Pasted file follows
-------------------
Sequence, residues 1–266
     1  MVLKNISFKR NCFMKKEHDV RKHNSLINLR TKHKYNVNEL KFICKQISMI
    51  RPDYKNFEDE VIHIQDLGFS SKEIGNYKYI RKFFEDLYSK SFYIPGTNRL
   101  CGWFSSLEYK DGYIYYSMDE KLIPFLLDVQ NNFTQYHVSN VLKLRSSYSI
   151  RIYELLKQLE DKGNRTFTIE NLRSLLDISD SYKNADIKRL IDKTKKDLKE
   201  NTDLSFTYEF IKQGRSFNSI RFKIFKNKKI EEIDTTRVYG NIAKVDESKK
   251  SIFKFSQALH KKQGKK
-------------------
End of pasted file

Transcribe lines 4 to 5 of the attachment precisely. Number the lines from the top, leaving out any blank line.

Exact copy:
   101  CGWFSSLEYK DGYIYYSMDE KLIPFLLDVQ NNFTQYHVSN VLKLRSSYSI
   151  RIYELLKQLE DKGNRTFTIE NLRSLLDISD SYKNADIKRL IDKTKKDLKE